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Iran nuclear deal set to go through after US Congress agrees -

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MICHAEL BRISSENDEN: In a big win for the White House, the international agreement to prevent Iran from developing a nuclear weapon will almost certainly go ahead.

The deal has been agreed to by Russia, China, Britain, France, and Germany - as well as the US and Iran.

But its future was resting on the US Congress - where Republicans, and some Democrats, were expected to vote it down this month - effectively killing the agreement.

Overnight though, Barack Obama got the numbers he needed to save it.

North America correspondent Ben Knight reports from Washington.

BEN KNIGHT: When it comes to the Iran deal with, Republican presidential candidates speak with one voice.

REPUBLICAN PRESIDENTIAL CANDIDATE: I think this is a horrific deal.

REPUBLICAN PRESIDENTIAL CANDIDATE: It's going to lead to destruction in large portions of the world.

BEN KNIGHT: There's been a strong and well-funded lobby campaign against it.

EXTRACT FROM ADVERTISEMENT: Tell your senators to stop any deal that would let Iran get nuclear weapons, ever.

ANNOUNCER: Mr Speaker, the prime minister of Israel.

BEN KNIGHT: Benjamin Netanyahu even came to Washington to implore Congress to vote against the deal - to the deep annoyance of the White House.

BENJAMIN NETANYAHU: It doesn't block Iran's path to the bomb, it paves Iran's path to the bomb.

BEN KNIGHT: But in the end, it didn't work.

The Republican's who control Congress will still vote against the deal, with some Democrats for support, but they won't have the two-thirds majority they need to override president Barack Obama's veto.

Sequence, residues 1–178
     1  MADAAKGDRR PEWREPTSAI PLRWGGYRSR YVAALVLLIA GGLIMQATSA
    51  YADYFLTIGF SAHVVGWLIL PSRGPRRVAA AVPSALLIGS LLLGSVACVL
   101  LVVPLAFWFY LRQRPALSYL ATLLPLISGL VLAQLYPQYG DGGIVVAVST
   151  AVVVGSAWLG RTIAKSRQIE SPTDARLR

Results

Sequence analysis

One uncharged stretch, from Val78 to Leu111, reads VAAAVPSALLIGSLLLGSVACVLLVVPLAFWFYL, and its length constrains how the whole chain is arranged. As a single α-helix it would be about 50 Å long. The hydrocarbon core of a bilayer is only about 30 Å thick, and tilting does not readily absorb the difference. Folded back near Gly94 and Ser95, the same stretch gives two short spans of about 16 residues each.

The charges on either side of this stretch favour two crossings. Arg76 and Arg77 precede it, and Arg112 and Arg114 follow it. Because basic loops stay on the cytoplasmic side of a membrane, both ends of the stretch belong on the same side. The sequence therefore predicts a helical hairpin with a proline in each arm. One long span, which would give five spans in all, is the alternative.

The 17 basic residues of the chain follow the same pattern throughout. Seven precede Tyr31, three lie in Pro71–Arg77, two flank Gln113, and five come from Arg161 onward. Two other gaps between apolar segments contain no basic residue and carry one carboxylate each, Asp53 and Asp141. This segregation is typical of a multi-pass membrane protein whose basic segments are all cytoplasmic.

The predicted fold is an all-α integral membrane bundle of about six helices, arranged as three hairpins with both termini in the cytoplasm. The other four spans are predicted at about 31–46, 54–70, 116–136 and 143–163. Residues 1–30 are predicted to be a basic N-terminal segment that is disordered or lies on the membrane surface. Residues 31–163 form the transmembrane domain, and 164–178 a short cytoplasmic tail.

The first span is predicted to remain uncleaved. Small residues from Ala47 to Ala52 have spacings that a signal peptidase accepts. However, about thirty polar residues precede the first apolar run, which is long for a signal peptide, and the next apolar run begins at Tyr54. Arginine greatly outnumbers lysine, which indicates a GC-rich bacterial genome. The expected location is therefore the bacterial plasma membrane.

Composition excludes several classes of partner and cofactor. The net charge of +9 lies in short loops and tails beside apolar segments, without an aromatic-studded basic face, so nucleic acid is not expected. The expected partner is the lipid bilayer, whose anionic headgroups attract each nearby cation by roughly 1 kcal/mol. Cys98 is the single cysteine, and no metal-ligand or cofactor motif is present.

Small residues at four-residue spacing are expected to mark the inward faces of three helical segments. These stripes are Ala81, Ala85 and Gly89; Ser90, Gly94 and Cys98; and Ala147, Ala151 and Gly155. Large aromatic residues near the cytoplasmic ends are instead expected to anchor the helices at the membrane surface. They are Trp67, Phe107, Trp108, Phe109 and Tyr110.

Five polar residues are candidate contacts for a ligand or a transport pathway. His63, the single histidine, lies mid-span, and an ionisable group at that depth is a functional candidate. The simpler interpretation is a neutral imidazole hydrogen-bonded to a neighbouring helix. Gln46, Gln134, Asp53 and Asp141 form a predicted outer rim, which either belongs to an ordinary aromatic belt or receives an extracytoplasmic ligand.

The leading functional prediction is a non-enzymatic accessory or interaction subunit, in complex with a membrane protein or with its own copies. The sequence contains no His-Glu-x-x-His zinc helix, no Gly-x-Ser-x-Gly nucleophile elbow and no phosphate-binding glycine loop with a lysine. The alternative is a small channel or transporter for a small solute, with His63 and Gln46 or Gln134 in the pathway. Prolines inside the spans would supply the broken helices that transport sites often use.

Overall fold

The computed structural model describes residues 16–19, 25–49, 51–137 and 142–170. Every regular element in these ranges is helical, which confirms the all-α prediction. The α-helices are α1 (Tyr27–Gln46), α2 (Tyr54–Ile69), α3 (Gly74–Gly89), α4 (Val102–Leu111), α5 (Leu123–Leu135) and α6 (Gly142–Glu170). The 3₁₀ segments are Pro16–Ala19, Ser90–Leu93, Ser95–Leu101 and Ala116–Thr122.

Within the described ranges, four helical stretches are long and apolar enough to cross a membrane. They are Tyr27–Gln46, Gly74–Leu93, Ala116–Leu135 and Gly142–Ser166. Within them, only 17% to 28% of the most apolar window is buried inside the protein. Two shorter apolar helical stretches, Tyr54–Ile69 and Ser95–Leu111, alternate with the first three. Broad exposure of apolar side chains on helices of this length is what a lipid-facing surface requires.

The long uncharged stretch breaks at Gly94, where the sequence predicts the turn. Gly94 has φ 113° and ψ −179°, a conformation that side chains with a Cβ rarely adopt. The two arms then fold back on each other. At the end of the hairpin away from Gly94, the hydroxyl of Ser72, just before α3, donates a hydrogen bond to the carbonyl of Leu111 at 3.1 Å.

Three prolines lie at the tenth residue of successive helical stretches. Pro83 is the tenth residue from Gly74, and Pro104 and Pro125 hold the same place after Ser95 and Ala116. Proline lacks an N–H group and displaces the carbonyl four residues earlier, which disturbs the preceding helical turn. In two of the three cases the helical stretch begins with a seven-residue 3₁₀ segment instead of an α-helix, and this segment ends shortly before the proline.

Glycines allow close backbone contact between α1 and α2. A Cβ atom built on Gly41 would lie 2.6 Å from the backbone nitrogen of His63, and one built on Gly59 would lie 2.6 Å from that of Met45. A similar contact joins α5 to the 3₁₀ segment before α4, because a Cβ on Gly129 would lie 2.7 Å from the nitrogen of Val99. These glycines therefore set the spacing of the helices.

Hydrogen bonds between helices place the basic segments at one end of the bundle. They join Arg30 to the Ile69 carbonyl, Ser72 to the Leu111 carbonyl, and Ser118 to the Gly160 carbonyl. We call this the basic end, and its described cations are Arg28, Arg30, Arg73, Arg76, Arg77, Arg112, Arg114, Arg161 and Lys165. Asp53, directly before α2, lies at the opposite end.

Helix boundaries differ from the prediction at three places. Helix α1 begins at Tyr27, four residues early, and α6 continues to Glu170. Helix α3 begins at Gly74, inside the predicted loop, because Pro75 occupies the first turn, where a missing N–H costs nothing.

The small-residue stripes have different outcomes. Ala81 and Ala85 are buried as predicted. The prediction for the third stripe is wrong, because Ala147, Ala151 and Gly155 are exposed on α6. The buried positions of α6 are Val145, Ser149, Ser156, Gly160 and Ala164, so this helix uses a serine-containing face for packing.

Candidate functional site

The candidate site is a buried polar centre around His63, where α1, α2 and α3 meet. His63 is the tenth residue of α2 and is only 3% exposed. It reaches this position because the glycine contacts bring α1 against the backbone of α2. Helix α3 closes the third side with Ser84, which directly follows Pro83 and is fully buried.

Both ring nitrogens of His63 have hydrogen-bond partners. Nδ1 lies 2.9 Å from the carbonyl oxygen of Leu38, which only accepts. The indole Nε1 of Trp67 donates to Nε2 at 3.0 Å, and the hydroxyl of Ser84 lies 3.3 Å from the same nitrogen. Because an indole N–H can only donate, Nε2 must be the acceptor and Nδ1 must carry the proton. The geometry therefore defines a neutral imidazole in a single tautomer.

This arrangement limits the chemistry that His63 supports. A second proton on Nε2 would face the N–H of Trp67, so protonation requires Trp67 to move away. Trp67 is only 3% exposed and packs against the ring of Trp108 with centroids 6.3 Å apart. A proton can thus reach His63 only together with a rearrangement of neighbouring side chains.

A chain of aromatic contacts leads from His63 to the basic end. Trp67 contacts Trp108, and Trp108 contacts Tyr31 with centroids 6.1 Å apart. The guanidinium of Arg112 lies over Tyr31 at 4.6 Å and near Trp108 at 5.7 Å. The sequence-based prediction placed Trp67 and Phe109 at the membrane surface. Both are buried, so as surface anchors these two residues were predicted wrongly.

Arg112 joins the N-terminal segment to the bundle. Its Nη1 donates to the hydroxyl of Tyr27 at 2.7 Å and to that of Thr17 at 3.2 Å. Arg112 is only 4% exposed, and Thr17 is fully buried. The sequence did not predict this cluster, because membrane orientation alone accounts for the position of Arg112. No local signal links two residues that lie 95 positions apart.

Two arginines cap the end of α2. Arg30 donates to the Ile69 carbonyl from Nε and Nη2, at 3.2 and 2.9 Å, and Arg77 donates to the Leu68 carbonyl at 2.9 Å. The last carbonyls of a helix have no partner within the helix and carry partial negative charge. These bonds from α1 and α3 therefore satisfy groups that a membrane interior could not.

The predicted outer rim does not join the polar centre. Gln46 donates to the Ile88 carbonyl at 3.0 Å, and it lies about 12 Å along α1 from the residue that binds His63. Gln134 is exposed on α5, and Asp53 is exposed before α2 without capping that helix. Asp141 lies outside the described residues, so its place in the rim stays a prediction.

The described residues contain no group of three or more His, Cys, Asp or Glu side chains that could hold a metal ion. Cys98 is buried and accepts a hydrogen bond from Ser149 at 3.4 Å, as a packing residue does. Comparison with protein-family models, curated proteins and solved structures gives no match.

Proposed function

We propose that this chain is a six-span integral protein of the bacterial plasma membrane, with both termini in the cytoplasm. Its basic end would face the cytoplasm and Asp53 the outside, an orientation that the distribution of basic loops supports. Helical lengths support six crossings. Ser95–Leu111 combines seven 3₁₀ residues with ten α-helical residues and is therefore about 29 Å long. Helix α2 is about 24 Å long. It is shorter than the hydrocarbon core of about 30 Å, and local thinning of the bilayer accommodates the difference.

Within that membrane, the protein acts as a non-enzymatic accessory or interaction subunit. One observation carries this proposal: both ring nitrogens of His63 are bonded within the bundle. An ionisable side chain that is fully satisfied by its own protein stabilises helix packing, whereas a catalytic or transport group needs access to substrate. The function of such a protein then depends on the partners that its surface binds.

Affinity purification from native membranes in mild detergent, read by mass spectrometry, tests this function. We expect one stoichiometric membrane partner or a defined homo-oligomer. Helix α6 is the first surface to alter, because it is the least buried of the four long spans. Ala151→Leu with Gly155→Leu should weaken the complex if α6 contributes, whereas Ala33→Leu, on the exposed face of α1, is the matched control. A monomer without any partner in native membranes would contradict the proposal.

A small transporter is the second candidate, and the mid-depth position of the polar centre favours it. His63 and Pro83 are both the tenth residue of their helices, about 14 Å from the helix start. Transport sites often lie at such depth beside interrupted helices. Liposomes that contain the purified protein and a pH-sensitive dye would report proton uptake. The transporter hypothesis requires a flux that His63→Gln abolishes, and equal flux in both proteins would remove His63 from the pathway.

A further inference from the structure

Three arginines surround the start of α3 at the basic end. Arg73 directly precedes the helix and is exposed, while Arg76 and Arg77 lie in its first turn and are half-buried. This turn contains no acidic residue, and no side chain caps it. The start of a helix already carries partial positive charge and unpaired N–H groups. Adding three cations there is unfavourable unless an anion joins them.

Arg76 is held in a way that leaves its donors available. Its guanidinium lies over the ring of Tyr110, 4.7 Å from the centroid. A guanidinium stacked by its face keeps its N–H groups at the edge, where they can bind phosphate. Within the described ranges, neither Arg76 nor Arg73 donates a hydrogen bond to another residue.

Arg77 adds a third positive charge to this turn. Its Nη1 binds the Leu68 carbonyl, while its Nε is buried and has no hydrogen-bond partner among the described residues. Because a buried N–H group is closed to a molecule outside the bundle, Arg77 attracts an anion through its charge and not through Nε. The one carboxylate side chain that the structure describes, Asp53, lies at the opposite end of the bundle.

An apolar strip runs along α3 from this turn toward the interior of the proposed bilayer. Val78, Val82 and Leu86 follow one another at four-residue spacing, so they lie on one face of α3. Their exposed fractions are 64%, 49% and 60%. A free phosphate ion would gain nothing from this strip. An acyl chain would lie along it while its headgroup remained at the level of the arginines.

For the White House, it's a win.

But it's far from emphatic, as the US Secretary of State John Kerry acknowledges.

JOHN KERRY: Obviously 34 votes are enough votes for the president's veto to be able to be upheld but we're not, you know, that's not the way we're approaching this. We want anybody and everybody hopefully to be able to vote for it.

We're going to continue to try to persuade people up until the last moment and our hope is that number will grow obviously.

BEN KNIGHT: So the deal will go ahead and after years of crippling economic sanctions, Iran will once again be able to sell its oil on the international market.

It will get access to $100 billion in assets frozen overseas and it will be able to use the global financial system for trade.

In return, Iran has agreed to reduce its uranium stockpile by 98 per cent, to allow inspectors into its nuclear and military sites and to keep its enrichment levels below 4 per cent.

The White House says this agreement reduces Iran's breakout time to develop a bomb from a few months to at least ten years and most importantly, prevents another war in the Middle East.

But critics say Iran has shown it can, and will, cheat on the deal by continuing to develop a weapon in secret.

They also say this does nothing to free American prisoners in Iran or to stop Iran's terrorist activities in the Middle East - from Baghdad to Beirut.

So, while the deal might be done, it's not over yet as far as Republican candidates like Scott Walker are concerned.

SCOTT WALKER: I'm frustrated that there's not enough votes to block it today and as president, I will terminate that bad deal on day one. I'll reinstate the sanctions, I'll go to Congress to put in place even more crippling sanctions and I'll get, I'll convince our allies to do the same.

This is Ben Knight in Washington reporting for AM.